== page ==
In accepting, MacArthur, who is dying of cancer, told the group that at one time he thought civil liberties were important just because they guaranteed the survival of antiestablishment viewpoints.

"But now I believe I was wrong," he said. "Civil liberties are really more than that. They are really ends in themselves. They are part of what makes us personally human with human integrity. They need no further justification. Standing up for civil liberties is simply part of our loyalty to our human race."

After thanking the ACLU and everyone present, he concluded: "I know you know that my time is short. I wish I could be with you, shoulder to shoulder, in all the coming battles. But I have to be content with our footprints briefly mingling on the line of march. There is much to do. I am reassured by the knowledge that any empty ranks I and others leave will be filled by those who believe that civil liberties are not just a means but the essence of ourselves as humans."

© 1984, Chicago Lawyer, All Rights Reserved

David J. Bradford, Founding Attorney of the MacArthur Justice Center: Cliff Johnson, Director of the MacArthur Justice Center at the University of Mississippi School of Law; Katie M. Schwartzmann, Co-Director of the MacArthur Justice Center at New Orleans; Locke E. Bowman, Executive Director of the MacArthur Justice Center; James W. Craig, Co-Director of the MacArthur Justice Center at New Orleans; Emily M. Washington, staff attorney in New Orleans; and Alexa Van Brunt, David M. Shapiro and Sheila Bedi, attorneys in the Chicago office of the MacArthur Justice Center.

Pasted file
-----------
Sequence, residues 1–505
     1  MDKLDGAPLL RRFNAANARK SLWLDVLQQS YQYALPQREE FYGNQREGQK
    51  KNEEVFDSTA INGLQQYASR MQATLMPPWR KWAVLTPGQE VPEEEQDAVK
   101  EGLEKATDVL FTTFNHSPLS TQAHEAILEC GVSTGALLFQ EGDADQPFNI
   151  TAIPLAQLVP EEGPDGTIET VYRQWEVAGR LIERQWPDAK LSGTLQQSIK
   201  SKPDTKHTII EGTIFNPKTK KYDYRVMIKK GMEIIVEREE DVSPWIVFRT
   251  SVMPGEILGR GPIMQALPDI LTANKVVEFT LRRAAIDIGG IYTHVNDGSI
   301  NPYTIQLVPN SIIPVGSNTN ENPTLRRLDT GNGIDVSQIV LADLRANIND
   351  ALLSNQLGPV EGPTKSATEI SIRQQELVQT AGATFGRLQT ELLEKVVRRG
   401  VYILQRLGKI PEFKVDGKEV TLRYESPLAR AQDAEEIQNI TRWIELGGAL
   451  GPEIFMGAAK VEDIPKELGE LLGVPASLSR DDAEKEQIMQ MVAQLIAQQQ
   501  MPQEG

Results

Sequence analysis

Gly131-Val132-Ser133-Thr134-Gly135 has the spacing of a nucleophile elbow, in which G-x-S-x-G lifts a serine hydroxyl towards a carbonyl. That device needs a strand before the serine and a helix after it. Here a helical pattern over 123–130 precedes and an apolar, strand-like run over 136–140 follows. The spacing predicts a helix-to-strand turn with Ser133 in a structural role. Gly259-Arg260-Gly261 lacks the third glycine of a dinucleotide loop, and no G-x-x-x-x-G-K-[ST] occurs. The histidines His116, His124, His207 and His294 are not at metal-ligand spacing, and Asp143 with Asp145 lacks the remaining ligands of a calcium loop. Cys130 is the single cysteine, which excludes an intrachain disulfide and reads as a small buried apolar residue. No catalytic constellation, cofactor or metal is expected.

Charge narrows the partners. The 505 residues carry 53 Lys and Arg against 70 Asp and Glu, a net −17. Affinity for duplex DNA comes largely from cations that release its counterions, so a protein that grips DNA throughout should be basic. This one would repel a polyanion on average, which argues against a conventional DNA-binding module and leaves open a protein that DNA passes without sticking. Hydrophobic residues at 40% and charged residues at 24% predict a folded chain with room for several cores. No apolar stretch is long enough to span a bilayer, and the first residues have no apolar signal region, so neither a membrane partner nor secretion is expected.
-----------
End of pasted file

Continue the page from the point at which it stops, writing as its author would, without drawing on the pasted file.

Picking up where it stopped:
Chicago »

The Chicago office of the MacArthur Justice Center has led battles against civil rights injustices, including police misconduct; secured millions of dollars in compensation for the wrongfully convicted; fought against the detention of terrorism suspects without trial or access to the courts; provided legal representation to indigent defendants; and challenged the constitutionality of the parole revocation process in Illinois.  Students at the Northwestern University School of Law are involved in nearly every lawsuit — conducting legal research, planning next steps to advance litigation and gaining first-hand experience in court while serving on litigation teams. 

New Orleans »

The New Orleans office opened in November 2013, expanding opportunities for the MacArthur Justice Center to affect civil rights and human rights through litigation to reform the criminal justice system. The New Orleans office now has the lead litigation responsibility in Jones v. Gusman, a federal lawsuit alleging pervasive violations of prisoners’ constitutional rights in the Orleans Parish Prison.

Mississippi »

Opened in August 2014, the MacArthur Justice Center at Oxford will focus on issues such as police misconduct, wrongful search and seizure, conditions of confinement, juvenile justice, inmate access to health care and mental health treatment, access to parole, prosecutorial misconduct, discrimination in the criminal justice system, and indigent rights. In addition, the MacArthur Justice Clinic at the University of Mississippi School of Law will provide law students with opportunities to participate in all aspects of the Center’s litigation.

St. Louis »

Opened in 2016, the St. Louis office has expanded opportunities for the Roderick and Solange MacArthur Justice Center to use litigation as a tool to provoke criminal justice reform. The St. Louis office fights against injustice on both sides of the Mississippi River with special focus on racial bias in policing, juvenile justice, prison and jail reform, right to counsel, court reform, sentencing and parole practices generally, and the death penalty.